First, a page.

utilizing said output signal to preclude combustion within the appliance; and
using said time signal to compensate for sensor age-created changes in said output signal magnitude in a manner maintaining a predetermined relationship between the concentration of the detected substance and the sensor-based preclusion of combustion within the appliance.
16. The method of claim 15 wherein:
said operably associating step is performed using a flammable vapor sensor.
17. The method of claim 16 wherein:
by said operably associating step is performed using a chemiresistor type flammable vapor sensor.
18. The method of claim 15 wherein:
said operably associating step is performed using a carbon monoxide sensor.
19. The method of claim 15 wherein:
the appliance is a fuel-fired water heater having a fuel supply valve, and
said utilizing step is performed by closing said fuel supply valve.
20. The method of claim 15 wherein:
said using step includes the step of combining said time signal with said sensor output signal, and
said utilizing step uses the combined time and sensor output signals to preclude combustion in the appliance.
21. The method of claim 15 further comprising the step of:
setting minimum and maximum signal magnitudes between which the magnitude of said sensor output signal must fall to preclude combustion within the appliance.
22. The method of claim 21 wherein:
said using step is performed by utilizing said time signal to reset said minimum and maximum signal magnitudes as a function of the total time said sensor is operatively associated with the appliance.
23. The method of claim 21 wherein:
said sensor output signal is an electrical resistance signal,
said minimum signal magnitude setting is within the range of from approximately 6 kΩ to approximately 10 kΩ, and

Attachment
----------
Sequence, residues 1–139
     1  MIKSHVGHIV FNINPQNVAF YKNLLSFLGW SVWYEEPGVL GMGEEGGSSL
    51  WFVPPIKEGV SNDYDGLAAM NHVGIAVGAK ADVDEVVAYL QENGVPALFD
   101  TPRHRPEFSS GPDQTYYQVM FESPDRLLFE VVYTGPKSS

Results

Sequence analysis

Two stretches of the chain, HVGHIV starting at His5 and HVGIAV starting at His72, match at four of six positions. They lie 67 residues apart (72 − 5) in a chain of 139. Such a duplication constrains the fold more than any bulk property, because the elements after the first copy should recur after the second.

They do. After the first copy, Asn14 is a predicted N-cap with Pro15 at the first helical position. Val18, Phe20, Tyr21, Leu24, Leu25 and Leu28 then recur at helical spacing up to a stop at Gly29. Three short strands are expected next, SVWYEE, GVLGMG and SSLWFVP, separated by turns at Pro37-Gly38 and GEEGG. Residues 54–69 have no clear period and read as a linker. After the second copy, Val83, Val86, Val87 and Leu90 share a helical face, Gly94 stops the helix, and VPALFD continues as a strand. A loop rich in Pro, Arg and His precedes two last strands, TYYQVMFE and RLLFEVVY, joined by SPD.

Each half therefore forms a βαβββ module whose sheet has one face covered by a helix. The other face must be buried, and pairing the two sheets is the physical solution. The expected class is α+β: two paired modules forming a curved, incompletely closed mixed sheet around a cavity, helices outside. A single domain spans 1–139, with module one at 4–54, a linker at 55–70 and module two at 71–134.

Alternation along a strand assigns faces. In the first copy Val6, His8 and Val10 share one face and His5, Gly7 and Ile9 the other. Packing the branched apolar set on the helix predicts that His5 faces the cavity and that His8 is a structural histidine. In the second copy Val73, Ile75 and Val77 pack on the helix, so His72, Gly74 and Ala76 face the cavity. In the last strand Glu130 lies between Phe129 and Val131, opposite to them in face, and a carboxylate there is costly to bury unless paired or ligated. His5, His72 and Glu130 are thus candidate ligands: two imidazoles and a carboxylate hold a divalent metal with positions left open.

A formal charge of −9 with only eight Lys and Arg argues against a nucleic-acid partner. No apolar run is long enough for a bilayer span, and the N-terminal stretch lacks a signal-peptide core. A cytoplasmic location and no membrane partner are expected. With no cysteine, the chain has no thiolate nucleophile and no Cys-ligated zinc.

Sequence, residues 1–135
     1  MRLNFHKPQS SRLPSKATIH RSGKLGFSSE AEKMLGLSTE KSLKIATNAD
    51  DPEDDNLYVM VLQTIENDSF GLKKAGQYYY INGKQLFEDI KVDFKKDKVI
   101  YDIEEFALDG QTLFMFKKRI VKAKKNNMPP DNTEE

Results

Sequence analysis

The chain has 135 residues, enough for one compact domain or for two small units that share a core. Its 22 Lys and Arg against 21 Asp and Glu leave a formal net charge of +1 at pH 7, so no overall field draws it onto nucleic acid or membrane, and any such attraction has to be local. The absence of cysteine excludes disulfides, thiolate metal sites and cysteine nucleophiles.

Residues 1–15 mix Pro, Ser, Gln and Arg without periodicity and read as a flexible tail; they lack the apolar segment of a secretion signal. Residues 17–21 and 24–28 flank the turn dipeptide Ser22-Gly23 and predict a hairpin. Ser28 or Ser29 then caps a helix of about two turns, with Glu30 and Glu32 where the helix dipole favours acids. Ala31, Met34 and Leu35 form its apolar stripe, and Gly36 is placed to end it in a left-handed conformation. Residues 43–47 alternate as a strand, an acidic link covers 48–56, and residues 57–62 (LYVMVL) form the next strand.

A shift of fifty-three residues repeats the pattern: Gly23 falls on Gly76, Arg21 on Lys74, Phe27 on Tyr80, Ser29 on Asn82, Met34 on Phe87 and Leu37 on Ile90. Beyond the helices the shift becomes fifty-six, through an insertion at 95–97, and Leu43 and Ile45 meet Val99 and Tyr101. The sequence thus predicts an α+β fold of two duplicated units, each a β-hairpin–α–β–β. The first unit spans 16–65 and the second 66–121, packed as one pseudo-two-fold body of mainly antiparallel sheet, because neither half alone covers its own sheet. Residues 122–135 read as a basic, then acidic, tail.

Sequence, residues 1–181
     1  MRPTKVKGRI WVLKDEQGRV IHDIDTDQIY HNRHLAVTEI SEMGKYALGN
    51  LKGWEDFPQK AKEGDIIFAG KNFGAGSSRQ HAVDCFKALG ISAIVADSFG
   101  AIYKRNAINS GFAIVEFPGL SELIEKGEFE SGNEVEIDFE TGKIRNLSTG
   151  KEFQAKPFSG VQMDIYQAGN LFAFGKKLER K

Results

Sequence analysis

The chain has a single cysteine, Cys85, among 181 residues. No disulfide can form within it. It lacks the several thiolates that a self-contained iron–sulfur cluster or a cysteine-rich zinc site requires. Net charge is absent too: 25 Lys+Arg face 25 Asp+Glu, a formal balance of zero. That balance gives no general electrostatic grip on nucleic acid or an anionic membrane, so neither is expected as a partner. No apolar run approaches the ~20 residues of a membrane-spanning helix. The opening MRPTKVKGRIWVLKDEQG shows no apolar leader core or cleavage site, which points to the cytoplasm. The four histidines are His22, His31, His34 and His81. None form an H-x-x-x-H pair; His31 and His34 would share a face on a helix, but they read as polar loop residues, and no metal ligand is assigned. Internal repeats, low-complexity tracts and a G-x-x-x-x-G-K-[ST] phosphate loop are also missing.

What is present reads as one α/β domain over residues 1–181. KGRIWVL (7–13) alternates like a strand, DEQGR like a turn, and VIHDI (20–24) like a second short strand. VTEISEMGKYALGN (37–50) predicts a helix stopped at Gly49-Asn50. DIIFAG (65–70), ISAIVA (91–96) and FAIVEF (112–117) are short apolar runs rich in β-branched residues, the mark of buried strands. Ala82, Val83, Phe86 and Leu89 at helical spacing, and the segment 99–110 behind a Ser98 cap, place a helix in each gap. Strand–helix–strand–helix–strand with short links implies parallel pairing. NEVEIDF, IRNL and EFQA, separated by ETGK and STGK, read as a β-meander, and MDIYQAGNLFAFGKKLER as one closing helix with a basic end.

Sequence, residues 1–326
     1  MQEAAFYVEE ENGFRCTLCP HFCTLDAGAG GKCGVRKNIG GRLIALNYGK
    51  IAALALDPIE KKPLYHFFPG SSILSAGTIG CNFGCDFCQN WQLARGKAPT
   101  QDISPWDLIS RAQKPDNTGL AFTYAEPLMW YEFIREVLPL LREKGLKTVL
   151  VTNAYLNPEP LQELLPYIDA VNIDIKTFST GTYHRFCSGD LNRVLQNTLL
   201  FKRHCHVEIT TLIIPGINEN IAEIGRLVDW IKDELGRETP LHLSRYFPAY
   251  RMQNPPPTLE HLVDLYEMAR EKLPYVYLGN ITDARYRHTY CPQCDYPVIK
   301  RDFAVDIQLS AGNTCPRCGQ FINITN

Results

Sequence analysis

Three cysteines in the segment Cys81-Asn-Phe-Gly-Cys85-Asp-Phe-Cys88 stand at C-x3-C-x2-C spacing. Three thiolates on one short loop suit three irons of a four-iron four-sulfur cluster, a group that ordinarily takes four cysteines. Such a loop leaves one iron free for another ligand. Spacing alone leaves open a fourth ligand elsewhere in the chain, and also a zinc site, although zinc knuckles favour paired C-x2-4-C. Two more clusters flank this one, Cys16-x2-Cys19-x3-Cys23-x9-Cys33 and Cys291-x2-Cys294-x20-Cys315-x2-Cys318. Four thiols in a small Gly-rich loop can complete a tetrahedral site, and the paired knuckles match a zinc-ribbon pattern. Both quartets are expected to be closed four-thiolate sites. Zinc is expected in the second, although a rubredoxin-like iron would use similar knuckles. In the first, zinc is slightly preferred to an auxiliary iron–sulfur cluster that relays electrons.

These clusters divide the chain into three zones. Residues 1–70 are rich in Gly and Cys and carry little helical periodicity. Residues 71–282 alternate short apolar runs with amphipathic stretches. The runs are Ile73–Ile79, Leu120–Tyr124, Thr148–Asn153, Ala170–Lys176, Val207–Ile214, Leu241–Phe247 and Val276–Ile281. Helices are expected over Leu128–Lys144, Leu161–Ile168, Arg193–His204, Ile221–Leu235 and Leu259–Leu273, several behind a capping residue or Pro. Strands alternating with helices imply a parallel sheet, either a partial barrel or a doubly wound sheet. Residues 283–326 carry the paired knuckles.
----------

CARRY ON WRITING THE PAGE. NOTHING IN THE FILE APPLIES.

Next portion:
said maximum signal magnitude setting is within the range of from approximately 90 kΩ to approximately 110 kΩ.
24. The method of claim 23 wherein:
said minimum signal magnitude setting is about 8 kΩ, and
said maximum signal magnitude setting is about 100 kΩ.
25. The method of claim 22 wherein:
said sensor output signal is an electrical resistance signal,
said minimum signal magnitude setting is within the range of from approximately 6 kΩ to approximately 10 kΩ, and
said maximum signal magnitude setting is within the range of from approximately 90 kΩ to approximately 110 kΩ.
26. The method of claim 25 wherein:
said minimum signal magnitude setting is about 8 kΩ, and
said maximum signal magnitude setting is about 100 kΩ.
Description
BACKGROUND OF THE INVENTION

The present invention generally relates to the control of fuel-fired heating appliances and, in representatively illustrated embodiments thereof, more particularly provides improved control techniques for shut-off sensors, such as flammable vapor sensors, in fuel-fired heating appliances such as water heaters.

Over the past several years various proposals have been made for protecting fuel-fired heating appliances, such as water heaters, from flammable vapor ignition problems using sensors operable to shut down combustion in the appliance when flammable vapors, such as gasoline fumes, are detected near the appliance. Shut-off systems of this type have been proposed to terminate further combustion air flow to the appliance or to terminate further fuel flow thereto.